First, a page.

Having had these thoughts swimming around my mind for the most part of this year, and feeling the strong desire to spread the message of Ayurvedic healing, a strange, serendipitous event occurred in the most unlikely setting. I was visiting a friend in her beautiful shop, and having mentioned the word Ayurveda as we were talking, I found myself being approached by a lovely woman, a kindred spirit with whom it now transpires, I share many ideas and interests. She asked if I was in any way associated with Ayurvedic medicine, as she had, only the day before, been telling a girlfriend that she wished to have an Ayurvedic consultation but didn’t know where to find a practitioner.
“Here I am,” I told her.
Once we began talking, she explained that she loves the philosophy of Ayurvedic medicine, and that she runs wellbeing retreats in Europe and the UK. Fate had conspired to bring us together, and before I knew it, we were agreeing terms on a collaboration. This means that as of next year, I will be working with small groups of people, teaching and consulting about Ayurveda. Although it has always given me satisfaction seeing individual clients benefiting from my advice, I believe that medicine should be moving away from the traditional paradigm of attempting to fix what is clearly broken, on a one to one basis, and towards a preventative model that comes about through educating as many people as possible about the importance of their own holistic health.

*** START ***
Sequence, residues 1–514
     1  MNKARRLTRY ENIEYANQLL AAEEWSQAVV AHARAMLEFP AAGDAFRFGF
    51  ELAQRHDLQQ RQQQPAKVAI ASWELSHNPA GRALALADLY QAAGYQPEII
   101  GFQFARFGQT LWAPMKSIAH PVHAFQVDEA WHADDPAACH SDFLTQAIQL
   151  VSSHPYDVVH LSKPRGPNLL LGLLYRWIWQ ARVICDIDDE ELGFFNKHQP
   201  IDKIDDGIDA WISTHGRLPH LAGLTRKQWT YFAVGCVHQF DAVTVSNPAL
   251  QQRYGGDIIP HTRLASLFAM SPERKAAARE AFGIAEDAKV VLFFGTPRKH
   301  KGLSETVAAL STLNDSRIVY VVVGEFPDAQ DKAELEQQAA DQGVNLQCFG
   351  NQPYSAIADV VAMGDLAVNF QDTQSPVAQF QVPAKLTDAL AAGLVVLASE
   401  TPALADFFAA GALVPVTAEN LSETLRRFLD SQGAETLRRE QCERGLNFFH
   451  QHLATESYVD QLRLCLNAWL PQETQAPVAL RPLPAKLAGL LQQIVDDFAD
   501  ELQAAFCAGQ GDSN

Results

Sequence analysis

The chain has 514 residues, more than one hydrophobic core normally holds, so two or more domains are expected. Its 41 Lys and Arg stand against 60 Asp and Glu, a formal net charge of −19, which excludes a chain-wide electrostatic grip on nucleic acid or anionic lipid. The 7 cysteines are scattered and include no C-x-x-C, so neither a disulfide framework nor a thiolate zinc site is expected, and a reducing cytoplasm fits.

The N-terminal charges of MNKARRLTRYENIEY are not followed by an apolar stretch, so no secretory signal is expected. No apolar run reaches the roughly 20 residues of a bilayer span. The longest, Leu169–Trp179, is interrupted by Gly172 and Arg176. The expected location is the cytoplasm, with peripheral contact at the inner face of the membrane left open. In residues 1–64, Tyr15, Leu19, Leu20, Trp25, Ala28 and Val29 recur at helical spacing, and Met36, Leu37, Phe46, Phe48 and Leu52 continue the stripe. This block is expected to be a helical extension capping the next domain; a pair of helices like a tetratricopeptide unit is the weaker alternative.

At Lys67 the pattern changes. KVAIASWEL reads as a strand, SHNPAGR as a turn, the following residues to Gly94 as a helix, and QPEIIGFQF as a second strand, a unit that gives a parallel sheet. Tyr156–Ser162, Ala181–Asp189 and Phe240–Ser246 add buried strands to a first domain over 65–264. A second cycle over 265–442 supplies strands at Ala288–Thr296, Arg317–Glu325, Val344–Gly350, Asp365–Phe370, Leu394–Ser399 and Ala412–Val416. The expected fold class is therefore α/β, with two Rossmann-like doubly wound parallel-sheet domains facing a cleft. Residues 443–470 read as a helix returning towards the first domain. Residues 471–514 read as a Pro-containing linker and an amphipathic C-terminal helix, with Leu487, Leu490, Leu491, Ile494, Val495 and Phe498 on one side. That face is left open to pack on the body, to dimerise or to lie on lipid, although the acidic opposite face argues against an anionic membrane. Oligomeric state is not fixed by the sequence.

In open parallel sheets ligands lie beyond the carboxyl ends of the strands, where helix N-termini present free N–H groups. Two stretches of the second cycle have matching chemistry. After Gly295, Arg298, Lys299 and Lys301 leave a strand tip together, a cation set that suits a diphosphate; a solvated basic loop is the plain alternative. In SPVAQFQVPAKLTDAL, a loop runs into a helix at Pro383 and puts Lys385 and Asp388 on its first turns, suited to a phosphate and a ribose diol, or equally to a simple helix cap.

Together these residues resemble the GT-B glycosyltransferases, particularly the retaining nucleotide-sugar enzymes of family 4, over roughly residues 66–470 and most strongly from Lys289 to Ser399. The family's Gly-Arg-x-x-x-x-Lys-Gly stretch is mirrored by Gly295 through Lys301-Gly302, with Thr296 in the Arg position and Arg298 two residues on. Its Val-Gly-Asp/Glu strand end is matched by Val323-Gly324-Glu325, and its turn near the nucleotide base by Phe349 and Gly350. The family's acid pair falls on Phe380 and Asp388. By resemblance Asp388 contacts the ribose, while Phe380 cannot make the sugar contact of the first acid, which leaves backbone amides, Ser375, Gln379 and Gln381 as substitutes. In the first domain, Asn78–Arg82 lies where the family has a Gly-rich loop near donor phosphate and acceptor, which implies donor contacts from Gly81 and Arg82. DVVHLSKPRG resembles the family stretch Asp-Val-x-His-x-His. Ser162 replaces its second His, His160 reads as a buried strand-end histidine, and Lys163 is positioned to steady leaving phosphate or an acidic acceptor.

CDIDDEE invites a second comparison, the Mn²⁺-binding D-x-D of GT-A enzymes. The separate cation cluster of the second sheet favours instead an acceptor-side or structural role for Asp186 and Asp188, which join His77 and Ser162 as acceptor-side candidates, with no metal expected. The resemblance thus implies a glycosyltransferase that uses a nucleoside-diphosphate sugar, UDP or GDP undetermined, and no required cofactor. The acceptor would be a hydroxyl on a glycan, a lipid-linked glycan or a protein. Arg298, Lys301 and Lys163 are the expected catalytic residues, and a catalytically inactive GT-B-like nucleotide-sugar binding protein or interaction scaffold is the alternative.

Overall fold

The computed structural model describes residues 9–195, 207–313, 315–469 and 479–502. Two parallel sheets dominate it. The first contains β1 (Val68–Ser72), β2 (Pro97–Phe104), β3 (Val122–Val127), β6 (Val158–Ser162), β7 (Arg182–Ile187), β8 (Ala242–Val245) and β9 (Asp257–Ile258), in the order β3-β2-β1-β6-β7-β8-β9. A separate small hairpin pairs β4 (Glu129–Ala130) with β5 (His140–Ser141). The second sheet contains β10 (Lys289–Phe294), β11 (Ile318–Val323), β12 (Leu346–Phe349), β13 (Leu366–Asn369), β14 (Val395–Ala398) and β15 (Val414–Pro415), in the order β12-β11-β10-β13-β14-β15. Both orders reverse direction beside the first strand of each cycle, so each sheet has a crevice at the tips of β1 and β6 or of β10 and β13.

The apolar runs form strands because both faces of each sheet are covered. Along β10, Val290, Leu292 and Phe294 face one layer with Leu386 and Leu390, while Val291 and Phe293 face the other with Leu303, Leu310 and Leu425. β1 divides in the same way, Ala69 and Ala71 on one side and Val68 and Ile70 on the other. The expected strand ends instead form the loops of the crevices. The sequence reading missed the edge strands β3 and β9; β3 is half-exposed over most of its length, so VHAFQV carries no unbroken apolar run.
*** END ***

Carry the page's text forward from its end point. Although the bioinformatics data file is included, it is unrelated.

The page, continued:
A good place to start addressing one’s wellbeing is on a holistic retreat. When we are part of a group of like minded- people, we are able to learn and put into practice what is being taught. During this time we begin to see the almost immediate benefits of eating regular, balanced meals, practising yoga or pilates, walking in nature, decluttering our thoughts and breathing properly. Without realising it, we are actually practising a form of preventative medicine, taking back the responsibility for our own bodies and minds. Without the usual distractions such as technology. noise, traffic, pollution, ready meals, and overcrowded city life, we can de-stress and stop the constant movement required for urban living.
Chronic stress is an example of a modern day syndrome that requires us to remove the accumulated causative factors, not take a tablet. Stress is a vitiation of vata dosha, the dosha that, when out of balance, can bring fear, self doubt, coldness, loneliness, isolation, irrational and irregular behaviours, hostility and insomnia. If we are feeling the effects of stress on a regular basis, we will identify with some of the abovementioned symptoms.